DNS Performance

This is typically the most important aspect regarding DNS because there are visible results that can be measured.
Here are a few things to consider regarding the performance of your DNS…

Where are your end users coming from? Are they in 1 single geographic location, or are they global? This
is where you need to make sure you place your servers. It may seem like common sense, but you’d be surprised
how many of us ignore this factor. You can’t expect your website to perform well if you require a user in
Europe to resolve the DNS in the US and vice versa. It doesn’t make sense when you consider how congested
the Internet is today. Someone in the UK would literally have to cross an ocean to find your DNS servers.
Over a period of time, you’ll notice that not all your users are reaching your site the first every time.
When a dns query experiences enough latency, it will go unanswered and your user will see a blank page with
a 404 error. You may think the simple solution is to setup multiple dns servers in case one doesn’t
respond, but what you may not realize is that redirections can cause enough latency to drop a query. We have all
seen this. You need to cut down on as much latency as possible and push your servers closer to your end users.

You also need to look into what routing technology is being used for your DNS. The most traditional approach
for DNS is Round Robin. In a Round Robin format, each DNS server has its own IP Address and queries are routed
in order. As queries come in, they are resolved in a predefined order of 1, 2, 3, 4, 5, 1, 2, 3, 4, 5, etc…Lets
pretend that server 1 is located in California, server 2 in New York, server 3 in the UK, server 4 in Asia,
and server 5 in Australia. I might be in Asia, but if i’m 2nd in line, I’ll be resolved in New York. This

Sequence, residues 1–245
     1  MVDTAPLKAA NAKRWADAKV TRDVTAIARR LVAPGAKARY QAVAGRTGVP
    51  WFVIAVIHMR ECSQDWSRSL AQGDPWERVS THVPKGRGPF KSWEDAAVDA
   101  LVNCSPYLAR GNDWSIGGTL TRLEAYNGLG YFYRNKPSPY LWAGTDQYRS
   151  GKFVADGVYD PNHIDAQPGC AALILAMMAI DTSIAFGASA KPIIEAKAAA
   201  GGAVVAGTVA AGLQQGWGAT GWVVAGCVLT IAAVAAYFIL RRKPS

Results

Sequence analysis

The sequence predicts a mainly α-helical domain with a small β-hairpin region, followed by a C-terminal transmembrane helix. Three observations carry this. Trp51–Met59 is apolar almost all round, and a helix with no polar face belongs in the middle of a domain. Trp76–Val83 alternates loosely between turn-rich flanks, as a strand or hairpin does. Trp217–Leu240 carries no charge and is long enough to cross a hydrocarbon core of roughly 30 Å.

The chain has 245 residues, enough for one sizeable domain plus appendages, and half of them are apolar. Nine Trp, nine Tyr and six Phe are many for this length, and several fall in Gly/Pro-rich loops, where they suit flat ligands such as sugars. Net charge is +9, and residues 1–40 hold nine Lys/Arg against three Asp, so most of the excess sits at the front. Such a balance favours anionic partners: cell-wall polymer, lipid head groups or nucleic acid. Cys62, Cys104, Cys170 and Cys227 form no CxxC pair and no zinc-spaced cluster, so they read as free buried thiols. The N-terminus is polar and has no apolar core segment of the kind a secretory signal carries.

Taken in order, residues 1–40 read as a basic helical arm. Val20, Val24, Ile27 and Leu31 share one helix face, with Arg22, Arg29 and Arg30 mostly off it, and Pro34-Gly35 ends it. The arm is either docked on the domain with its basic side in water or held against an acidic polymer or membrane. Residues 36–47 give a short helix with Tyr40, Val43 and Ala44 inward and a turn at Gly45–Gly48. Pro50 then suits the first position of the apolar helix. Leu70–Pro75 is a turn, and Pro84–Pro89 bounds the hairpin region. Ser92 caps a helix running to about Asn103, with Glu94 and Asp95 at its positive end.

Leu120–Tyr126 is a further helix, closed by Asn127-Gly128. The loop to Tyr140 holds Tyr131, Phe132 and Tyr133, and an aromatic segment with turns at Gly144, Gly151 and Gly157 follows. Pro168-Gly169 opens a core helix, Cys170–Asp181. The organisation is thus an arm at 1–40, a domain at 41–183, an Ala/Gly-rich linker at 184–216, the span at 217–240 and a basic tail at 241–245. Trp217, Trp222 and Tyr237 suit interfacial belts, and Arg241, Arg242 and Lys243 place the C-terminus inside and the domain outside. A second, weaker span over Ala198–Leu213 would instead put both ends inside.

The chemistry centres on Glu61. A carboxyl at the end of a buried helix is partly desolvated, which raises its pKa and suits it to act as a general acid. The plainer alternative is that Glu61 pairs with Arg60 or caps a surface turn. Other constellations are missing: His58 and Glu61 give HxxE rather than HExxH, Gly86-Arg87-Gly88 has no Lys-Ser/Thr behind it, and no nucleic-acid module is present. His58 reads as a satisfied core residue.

doesn’t make any sense, does it? This brings us back to my original point of placing your DNS servers close
to your end users.

A better technology than Round Robin is IP Anycast and BGP. Let’s take the example used before with 5 globally
distributed name servers. However, this time, all servers have the exact same IP address with no predefined
order of routing. Through BGP, users are routed to the closest topological server. So if I’m in Asia, I’m going
to be routed to the name servers in Asia. If the server in Asia goes offline, then I’ll be redirected to
Australia, assuming this is the next closest route based on my location. Now its not always the closest route,
but the shortest amount of hops based on network topology.

As you can see, Anycast and BGP combined is much more efficient than Round Robin, due to its redundancy and intelligence built in. This is going to speed up resolution to your site and reduce the amount of dropped DNS requests you may experience.

Another thing to consider with performance, are the extra services that DNS can provide such as Auto Failover
and Load Balancing. While these services don’t directly impact the performance of the DNS itself, they do help
in enhancing the performance of your over all network. There are several DNS providers out there that offer these
solutions and avoid the need in purchasing hardware appliances. Since DNS traffic is the first link into your network,
DNS queries can be controlled in a variety of ways. One of the more common and cutting edge technologies in the last few years has been Global Server Load Balancing. This is the ability to route users to your closest content servers
based on the geographic region they are coming from. A few DNS providers have partnered with Geo IP database companies that supply IP information of geographic locations around the world. By partnering with these companies, you can control where the DNS traffic is routed to by knowing the IP of your end user. There are also ways of routing traffic based on percentages across a pool of IP’s. DNS can also be used for disaster recovery by monitoring your content servers as a health check and redirect traffic to a backup server if need be.

So as you can see, there is a lot that effects the performance of your External DNS. You shouldn’t rule out any of these factors.

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